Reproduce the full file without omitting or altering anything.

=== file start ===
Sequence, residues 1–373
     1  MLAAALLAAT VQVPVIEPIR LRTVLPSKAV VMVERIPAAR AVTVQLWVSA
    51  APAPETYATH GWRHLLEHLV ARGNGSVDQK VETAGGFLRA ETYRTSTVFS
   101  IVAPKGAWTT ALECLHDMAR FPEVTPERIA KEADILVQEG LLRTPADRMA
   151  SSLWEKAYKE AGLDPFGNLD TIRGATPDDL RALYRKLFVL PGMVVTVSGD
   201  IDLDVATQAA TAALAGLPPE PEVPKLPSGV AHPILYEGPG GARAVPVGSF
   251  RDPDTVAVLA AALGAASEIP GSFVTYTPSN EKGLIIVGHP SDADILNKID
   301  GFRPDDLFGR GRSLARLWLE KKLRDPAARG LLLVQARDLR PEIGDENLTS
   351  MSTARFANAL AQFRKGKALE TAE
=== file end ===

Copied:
Sequence, residues 1–373
     1  MLAAALLAAT VQVPVIEPIR LRTVLPSKAV VMVERIPAAR AVTVQLWVSA
    51  APAPETYATH GWRHLLEHLV ARGNGSVDQK VETAGGFLRA ETYRTSTVFS
   101  IVAPKGAWTT ALECLHDMAR FPEVTPERIA KEADILVQEG LLRTPADRMA
   151  SSLWEKAYKE AGLDPFGNLD TIRGATPDDL RALYRKLFVL PGMVVTVSGD
   201  IDLDVATQAA TAALAGLPPE PEVPKLPSGV AHPILYEGPG GARAVPVGSF
   251  RDPDTVAVLA AALGAASEIP GSFVTYTPSN EKGLIIVGHP SDADILNKID
   301  GFRPDDLFGR GRSLARLWLE KKLRDPAARG LLLVQARDLR PEIGDENLTS
   351  MSTARFANAL AQFRKGKALE TAE